International Opinion

How to Implement Collective Inquiry

By Anthony Jackson — February 13, 2013 2 min read
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Last week, my colleague Aparna Patankar reported on a practice used in many high-performing school systems around the world: collective inquiry—the process in which educators build shared knowledge and learn together. Today she offers advice on how to get started in your school or district.

by Aparna Patankar

Collective inquiry is valuable for many reasons that range from increasing individual student achievement to supporting and strengthening education reform movements. Through a collective inquiry process, educators come together—often within a professional learning community—to ask and answer tough questions about student achievement, their individual and collective instructional practices, and their school policies. This is in service of improving student achievement.

Collective inquiry provides a mechanism for teachers to learn from one another to improve their own practice and is a method to scale innovative and collaborative approaches to improving student outcomes. Teachers can come together to identify the common elements of successful teaching. They can create a clear, collective understanding about what proficiency looks like and how to personalize learning depending on students’ level of understanding.

When engaging in collaborative inquiry, teachers can also coordinate their lessons to ensure that all the necessary standards are being met and create robust lessons that span content areas, allowing students to approach learning in more authentic, interdisciplinary ways.

Collective inquiry builds understanding and buy-in by recognizing that teachers are the experts in the reform process and supporting them as they work together to determine the best way to implement the changes in policy.

The practice transforms the culture of the teaching profession in ways that more deeply engage and energize teachers. Giving teachers a role in improving educational success, through collective inquiry and professional learning communities, elevates the status of the teaching profession because teachers then see themselves as autonomous professionals actively participating in the improvement process.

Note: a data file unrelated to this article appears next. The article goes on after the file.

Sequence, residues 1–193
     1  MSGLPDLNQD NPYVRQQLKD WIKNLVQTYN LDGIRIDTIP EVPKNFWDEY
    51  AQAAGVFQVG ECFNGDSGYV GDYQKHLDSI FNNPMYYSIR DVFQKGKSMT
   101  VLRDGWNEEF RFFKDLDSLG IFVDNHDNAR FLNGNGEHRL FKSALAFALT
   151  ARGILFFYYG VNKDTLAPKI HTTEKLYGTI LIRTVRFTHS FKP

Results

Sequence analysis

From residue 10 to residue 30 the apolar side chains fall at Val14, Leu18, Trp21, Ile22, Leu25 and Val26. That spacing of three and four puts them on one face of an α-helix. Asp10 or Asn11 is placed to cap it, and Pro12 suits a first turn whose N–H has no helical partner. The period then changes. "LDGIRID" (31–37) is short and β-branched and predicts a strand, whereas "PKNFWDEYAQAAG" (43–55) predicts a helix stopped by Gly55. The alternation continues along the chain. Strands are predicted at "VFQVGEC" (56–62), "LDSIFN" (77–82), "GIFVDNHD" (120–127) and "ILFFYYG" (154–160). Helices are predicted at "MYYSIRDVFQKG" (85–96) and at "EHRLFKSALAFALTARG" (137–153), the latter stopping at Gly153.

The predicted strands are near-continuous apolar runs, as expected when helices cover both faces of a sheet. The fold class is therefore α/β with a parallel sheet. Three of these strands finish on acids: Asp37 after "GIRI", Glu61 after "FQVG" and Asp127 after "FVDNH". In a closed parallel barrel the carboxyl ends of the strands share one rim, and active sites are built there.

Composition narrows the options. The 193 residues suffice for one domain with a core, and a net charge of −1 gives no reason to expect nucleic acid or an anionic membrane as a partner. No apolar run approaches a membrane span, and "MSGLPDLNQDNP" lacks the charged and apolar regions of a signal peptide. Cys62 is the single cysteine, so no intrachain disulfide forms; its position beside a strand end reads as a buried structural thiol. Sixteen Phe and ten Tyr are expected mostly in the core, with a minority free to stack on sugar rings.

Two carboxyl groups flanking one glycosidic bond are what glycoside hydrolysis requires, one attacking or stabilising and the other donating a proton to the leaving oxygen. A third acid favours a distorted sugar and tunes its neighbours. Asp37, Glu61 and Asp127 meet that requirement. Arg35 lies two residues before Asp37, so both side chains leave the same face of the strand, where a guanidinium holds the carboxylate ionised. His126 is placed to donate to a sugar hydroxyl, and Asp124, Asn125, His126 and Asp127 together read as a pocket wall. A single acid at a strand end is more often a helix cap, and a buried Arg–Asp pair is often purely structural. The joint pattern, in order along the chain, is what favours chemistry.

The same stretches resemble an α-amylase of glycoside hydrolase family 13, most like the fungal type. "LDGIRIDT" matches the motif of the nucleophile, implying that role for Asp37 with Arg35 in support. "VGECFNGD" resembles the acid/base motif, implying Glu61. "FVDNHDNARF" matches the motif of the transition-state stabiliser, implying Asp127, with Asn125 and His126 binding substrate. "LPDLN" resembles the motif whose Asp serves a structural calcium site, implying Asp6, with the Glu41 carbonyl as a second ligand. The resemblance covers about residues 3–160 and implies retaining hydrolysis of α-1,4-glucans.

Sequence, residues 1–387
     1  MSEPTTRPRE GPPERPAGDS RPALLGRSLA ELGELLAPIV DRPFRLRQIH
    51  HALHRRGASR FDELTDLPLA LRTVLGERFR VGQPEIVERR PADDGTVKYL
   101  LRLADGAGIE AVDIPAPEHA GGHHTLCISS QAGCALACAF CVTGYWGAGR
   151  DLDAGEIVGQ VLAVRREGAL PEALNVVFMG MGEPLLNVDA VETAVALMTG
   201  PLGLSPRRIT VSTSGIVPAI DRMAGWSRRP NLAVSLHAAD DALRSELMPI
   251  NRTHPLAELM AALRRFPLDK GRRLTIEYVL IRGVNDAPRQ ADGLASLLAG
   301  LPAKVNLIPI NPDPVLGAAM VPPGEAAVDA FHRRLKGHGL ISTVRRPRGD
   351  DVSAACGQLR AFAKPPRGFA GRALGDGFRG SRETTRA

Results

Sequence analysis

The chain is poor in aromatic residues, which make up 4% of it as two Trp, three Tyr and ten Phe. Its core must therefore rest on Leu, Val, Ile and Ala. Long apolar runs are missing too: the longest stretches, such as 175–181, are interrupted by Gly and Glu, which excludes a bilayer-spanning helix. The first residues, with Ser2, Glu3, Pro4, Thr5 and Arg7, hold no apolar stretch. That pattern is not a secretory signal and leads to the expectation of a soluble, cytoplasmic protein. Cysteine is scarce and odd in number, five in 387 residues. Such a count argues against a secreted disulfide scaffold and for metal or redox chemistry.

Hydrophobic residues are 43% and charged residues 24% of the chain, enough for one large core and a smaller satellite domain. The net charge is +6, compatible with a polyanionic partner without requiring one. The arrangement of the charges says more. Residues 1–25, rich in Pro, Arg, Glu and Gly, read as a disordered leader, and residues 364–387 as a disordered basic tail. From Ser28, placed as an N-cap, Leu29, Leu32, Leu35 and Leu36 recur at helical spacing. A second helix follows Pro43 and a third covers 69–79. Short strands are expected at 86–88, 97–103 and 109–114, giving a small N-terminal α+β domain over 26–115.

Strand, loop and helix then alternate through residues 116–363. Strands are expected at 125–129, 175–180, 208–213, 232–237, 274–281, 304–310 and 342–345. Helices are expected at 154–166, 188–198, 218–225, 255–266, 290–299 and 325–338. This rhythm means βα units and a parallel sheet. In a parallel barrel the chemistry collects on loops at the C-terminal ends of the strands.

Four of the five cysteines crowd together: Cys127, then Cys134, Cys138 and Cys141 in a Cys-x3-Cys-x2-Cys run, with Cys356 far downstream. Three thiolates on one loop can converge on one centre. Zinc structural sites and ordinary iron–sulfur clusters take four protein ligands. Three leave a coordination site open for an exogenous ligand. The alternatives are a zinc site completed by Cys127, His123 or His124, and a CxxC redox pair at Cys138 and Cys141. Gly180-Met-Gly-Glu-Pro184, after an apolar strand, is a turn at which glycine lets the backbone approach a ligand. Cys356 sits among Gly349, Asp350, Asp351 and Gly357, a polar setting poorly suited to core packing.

Teaching can be an isolating profession, with teachers closed off in their individual classrooms—collective inquiry can change that by uniting teachers as a professional community working together to improve both individually and collectively.

To get started with collective inquiry, start a conversation with these questions:

  • What criteria should we use to assess students’ work?
  • How can we ensure that we apply these criteria consistently?
  • Who among us excel at teaching certain skills? How can we learn from one another?
  • How can we create more robust learning experiences—with lessons and units that span across content areas?
  • How can we personalize learning to help struggling students achieve proficiency while enriching learning for students who have already demonstrated proficiency?

At the district level, many systems are successfully utilizing collective inquiry to improve student learning. For example, Chicago is working on a district-wide approach to the Common Core State Standards (CCSS). They are creating a system to collaboratively approach these new standards with their teachers to ensure that students are consistently achieving at high levels and meeting the CCSS. Collective inquiry, such as that taking place in Chicago is going to be essential in implementing the CCSS in a manner that supports and drives student achievement.

How have you utilized collective inquiry in your school or district? What advice do you have for others?

The opinions expressed in Global Learning are strictly those of the author(s) and do not reflect the opinions or endorsement of Editorial Projects in Education, or any of its publications.